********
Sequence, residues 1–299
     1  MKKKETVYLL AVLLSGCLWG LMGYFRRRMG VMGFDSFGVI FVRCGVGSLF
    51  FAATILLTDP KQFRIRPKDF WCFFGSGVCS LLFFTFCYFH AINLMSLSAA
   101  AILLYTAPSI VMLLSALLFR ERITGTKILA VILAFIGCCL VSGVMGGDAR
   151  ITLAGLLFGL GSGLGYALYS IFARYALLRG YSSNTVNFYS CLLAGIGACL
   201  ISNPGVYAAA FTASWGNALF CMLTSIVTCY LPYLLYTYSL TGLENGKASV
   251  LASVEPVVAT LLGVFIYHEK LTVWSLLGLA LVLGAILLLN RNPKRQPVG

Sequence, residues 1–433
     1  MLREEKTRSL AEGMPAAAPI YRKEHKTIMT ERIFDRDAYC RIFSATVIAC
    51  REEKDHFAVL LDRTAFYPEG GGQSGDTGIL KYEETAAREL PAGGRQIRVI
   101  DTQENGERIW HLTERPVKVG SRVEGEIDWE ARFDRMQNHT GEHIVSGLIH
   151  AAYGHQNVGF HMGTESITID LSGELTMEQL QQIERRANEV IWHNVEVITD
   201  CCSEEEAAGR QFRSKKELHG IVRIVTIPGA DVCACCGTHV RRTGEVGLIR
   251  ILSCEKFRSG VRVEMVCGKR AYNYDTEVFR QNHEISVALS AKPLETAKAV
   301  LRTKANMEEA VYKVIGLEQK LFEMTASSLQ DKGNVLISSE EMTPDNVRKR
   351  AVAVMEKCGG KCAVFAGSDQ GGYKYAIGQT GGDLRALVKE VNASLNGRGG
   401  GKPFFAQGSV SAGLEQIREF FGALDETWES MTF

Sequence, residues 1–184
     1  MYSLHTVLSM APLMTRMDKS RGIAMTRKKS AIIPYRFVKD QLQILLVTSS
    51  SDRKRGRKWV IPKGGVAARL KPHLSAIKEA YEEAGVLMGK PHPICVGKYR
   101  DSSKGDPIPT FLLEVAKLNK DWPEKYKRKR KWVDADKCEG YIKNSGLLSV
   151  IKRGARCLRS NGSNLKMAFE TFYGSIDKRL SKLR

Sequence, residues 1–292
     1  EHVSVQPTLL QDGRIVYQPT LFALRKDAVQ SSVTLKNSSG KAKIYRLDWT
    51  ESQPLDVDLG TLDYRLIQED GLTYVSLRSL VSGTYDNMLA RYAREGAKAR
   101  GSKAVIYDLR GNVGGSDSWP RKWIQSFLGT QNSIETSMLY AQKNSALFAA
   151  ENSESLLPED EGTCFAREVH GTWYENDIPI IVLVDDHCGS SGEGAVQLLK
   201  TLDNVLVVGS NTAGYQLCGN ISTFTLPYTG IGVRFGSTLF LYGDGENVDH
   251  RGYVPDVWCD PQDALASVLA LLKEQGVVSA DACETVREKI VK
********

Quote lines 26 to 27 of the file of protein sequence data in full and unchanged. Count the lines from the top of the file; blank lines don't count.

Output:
   101  GSKAVIYDLR GNVGGSDSWP RKWIQSFLGT QNSIETSMLY AQKNSALFAA
   151  ENSESLLPED EGTCFAREVH GTWYENDIPI IVLVDDHCGS SGEGAVQLLK